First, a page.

Dante and scripture (7/1/02)
As I settle into middle age, two of the great loves of my life are Dante and the scriptures. I had an unusual experience today that involved both, that I thought might be worth passing along. Lately some passages of the Divine Comedy have insensibly begun creeping into my memory, and this very morning I began my latest rereading of the Book of Mormon. When I got to 1 Nephi 11:16-18, the first thing that popped into my mind was this passage, which in my view has to be one of the loveliest in all of the world's literature. (Or at least that portion with which I am familiar.) It consists of the first six lines of Canto XXXIII of Paradiso, and goes like this:
Vergine Madre, figlia del tuo Figlio,
umile e alta piu' che creatura,
termine fisso d'etterno consiglio,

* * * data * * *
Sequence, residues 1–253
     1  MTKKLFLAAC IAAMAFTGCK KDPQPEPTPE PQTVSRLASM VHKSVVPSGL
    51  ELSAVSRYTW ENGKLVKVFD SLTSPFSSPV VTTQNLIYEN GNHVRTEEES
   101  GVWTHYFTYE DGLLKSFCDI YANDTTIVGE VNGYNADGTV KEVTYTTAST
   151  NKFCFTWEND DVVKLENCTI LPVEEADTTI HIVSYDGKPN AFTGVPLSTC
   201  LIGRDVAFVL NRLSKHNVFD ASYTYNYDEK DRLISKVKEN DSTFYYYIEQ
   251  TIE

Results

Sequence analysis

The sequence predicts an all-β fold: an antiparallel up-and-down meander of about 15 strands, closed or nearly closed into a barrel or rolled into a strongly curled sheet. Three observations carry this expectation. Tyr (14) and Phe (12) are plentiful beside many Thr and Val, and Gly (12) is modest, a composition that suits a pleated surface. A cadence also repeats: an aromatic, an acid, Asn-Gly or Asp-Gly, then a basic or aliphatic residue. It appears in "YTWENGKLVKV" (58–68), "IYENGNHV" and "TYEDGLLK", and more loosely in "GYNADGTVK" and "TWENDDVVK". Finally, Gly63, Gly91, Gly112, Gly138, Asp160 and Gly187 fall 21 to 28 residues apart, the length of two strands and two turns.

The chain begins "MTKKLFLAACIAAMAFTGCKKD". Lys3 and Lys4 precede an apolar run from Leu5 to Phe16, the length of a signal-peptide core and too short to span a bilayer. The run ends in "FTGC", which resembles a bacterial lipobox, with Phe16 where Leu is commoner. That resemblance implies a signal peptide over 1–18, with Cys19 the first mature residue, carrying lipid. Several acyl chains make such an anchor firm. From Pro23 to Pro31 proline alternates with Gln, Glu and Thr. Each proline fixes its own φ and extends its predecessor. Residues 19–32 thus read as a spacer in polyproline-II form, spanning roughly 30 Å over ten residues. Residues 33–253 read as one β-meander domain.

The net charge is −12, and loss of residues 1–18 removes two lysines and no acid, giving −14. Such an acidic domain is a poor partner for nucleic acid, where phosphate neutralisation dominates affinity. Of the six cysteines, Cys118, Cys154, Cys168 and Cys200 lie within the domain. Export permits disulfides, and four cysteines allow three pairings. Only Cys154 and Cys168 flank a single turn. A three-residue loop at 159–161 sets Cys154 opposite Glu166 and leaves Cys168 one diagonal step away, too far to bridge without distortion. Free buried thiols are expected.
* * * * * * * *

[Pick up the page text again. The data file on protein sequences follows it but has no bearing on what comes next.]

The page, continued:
Tu sei colei che l'umana natura
nobilitasti si', che 'l suo fattore
non disdegno' di farsi sua fattura.
I spent several minutes pondering both this and the scriptural passage, and may even write the Dante quotation into the margin in 1 Nephi, if I can find the space and a suitable pen with a fine enough point. I have often reflected on the verse in Ether, where Moroni says something about how the things the brother of Jared wrote were overpowering to those who read them; and in my view some of Dante's work comes close to being just that. The passage I just wrote out will lose something in my -- or anyone else's -- translation, but it may be rendered approximately thus in English:
Virgin Mother, daughter of thy Son,
humble and exalted more than any other creature,
fixed goal of the eternal counsel,
Thou art she who so ennobled human nature
that its Maker did not disdain
to become its making.
Anyway, these are my late-Sunday-night musings for this week, and I hope they have been profitable to you, or at least interesting.